What is the Marginal Cost of Capital?
The term “marginal cost of capital” refers to the incremental cost of financing that a business has to bear due to raising an additional dollar of funding. It is the combined cost of equity, debt, and other forms of financing, taking into account their respective weights in the portfolio. It is usually used when businesses decide on a proposed capital structure.
Examples of Marginal Cost of Capital (With Excel Template)
Let us look at the following criteria to understand the concept of it.
Let us take the example of ABC Inc., whose current capital structure of $50 million is a mix of 50% equity capital and 50% debt. The cost of equity is 15%, and the after-tax cost of debt is 8%. The company intends to expand its current business, which needs to raise funds worth another $25 million. The company has decided to raise capital similar to the existing capital structure as it suits its risk appetite and business objectives. Determine the current average cost of capital and the marginal cost of capital of the new capital, assuming that the specific cost of capital didn’t change.
The average cost of capital is calculated using the formula given below
Average Cost of Capital = Proportion of Equity Existing * Cost of Equity Existing + Proportion of Debt Existing * After-tax Cost of Debt Existing
- Average Cost of Capital = 50% * 15% + 50% * 8%
- Average Cost of Capital = 11.5%
Since the proportion and specific cost of capital didn’t change for the new funding, the marginal cost of capital will be precisely equal to the average cost of capital. Therefore, it will be 11.5%.
Let us take the above example and assume that the proportion of equity in the new funding is 75% while the specific cost of capital continues to remain the same. Then, determine the marginal cost of capital in this revised case.
The proportion of DebtNew is calculated as
Proportion of DebtNew = 1 – Proportion of Equity New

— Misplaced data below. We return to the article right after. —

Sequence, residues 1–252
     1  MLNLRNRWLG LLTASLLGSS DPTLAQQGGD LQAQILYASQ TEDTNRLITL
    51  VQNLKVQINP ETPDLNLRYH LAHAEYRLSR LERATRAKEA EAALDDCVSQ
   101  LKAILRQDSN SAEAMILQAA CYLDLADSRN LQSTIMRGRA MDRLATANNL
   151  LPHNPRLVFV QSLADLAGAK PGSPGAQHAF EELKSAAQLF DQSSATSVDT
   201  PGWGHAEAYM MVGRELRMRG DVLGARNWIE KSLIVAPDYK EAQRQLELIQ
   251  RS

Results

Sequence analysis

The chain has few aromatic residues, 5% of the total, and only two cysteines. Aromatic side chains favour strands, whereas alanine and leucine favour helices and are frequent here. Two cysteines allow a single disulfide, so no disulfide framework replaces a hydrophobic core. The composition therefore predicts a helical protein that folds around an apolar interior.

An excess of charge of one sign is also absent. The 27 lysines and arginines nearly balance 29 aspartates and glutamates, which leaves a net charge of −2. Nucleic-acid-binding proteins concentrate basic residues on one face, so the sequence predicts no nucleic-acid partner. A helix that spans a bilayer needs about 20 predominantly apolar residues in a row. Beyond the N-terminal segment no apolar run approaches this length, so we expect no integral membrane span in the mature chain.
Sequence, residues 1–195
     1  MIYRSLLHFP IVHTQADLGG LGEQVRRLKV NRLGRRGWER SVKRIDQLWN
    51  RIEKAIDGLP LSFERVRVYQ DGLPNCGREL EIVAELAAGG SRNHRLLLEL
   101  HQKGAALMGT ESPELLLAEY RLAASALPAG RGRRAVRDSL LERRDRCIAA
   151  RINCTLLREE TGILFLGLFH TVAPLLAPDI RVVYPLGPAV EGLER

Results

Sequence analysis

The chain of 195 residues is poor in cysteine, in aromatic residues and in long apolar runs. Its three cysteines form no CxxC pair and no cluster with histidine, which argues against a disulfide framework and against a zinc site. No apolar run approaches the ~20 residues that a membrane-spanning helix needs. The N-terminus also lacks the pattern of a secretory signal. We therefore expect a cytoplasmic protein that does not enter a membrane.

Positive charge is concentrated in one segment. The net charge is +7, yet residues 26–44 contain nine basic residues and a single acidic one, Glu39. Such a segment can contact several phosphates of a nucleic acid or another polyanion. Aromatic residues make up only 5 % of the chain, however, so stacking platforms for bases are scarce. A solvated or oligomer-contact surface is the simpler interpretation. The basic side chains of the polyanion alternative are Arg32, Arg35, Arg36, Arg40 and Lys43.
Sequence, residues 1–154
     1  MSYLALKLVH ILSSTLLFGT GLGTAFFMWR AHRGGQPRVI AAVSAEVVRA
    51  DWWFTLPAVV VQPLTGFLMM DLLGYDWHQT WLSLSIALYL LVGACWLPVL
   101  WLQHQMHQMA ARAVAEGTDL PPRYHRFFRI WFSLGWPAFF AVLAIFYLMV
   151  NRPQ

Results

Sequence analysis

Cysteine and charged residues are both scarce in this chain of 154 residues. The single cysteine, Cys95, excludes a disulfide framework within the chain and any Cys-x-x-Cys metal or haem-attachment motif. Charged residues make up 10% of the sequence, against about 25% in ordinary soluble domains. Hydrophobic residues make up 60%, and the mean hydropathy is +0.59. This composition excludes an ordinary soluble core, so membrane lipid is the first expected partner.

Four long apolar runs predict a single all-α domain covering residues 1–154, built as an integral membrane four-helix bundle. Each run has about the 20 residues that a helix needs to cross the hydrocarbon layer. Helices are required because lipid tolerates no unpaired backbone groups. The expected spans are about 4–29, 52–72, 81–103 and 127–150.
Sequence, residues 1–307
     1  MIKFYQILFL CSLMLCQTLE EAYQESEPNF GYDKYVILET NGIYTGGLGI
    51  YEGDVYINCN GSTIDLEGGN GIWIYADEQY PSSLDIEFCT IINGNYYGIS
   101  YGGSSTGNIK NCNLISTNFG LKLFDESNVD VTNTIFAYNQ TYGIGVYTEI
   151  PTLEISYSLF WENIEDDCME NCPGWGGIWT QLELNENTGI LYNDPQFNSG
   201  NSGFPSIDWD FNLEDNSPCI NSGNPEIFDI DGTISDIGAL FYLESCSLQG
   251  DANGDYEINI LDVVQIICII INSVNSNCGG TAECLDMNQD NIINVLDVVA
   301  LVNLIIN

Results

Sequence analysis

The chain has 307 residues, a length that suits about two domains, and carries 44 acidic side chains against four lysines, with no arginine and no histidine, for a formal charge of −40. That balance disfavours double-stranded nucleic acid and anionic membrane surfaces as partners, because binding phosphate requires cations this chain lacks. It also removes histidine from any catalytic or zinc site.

- Proportion of DebtNew = 1 – 75%
- Proportion of DebtNew = 25%
It is calculated using the formula given below
Marginal Cost of Capital = Proportion of Equity New * Cost of Equity New + Proportion of Debt New * After-tax Cost of Debt New
- Marginal Cost of Capital = 75% * 15% + 25% * 8%
- Marginal Cost of Capital = 13.25%
So, the increase in the proportion of equity capital increased the cost of capital from 11.5% to 13.25%.
Let us again take the above example and assume that the after-tax cost of debt has increased to 10% while the cost of equity and the proportion of equity and debt continues to remain the same as in Example 1. Determine the marginal cost of capital in this revised case.
It is calculated using the formula given below
Marginal Cost of Capital = Proportion of Equity Existing * Cost of Equity Existing + Proportion of Debt Existing * After-tax Cost of Debt Existing
- Marginal Cost of Capital = 50% * 15% + 50% * 10%
- Marginal Cost of Capital = 12.5%
So, the increase in the after-tax cost of debt increased the cost of capital from 11.5% to 12.5%.
Uses of Marginal Cost of Capital
The following are the major uses:
- It can be used to estimate the breakpoint in the case of a fresh injection of investments. A breakpoint refers to the point until a company can continue to raise additional funds without an increase in it.
- Companies ensure this is less than the expected return on the proposed investments. Hence, it is used in making investment decisions.
- Analysts use this in addition to discounted cash flow models for asset valuation.
Why is it important?
This plays a role in asset valuation and financial analysis. The management also uses it while making critical capital budgeting decisions. Financial analysts usually compare this to the return on a project to evaluate its financing options and business viability. Typically, a project with a higher spread between the marginal cost of capital and the expected return on investment is considered a good project.
Some of the significant benefits are as follows:
- It helps monitor the change in the overall cost of capital due to the infusion of additional funds.
- It helps the management in deciding whether to go ahead with a project or not based on the financing options and the expected future cash flows.
- It helps decide the means of new funds and their respective proportions.
Some of the major disadvantages are as follows:
- It tends to ignore the long-term implications of raising additional funds.
- The concept of this is not relevant for a new company.
Some of the key takeaways of the article are:
- This refers to incremental funding costs as businesses keep raising funds.
- This metric is critical as companies use it while making future capital structure decisions.
- Financial managers also use it to select the sources of funds and their respective proportions.
So, this concept is essential for businesses as it helps them decide on critical project funding. It can be the difference between the success and failure of a project.
This is a guide to the Marginal Cost of Capital. Here we discuss how to calculate it along with practical examples and downloadable excel templates. You may also look at the following articles to learn more –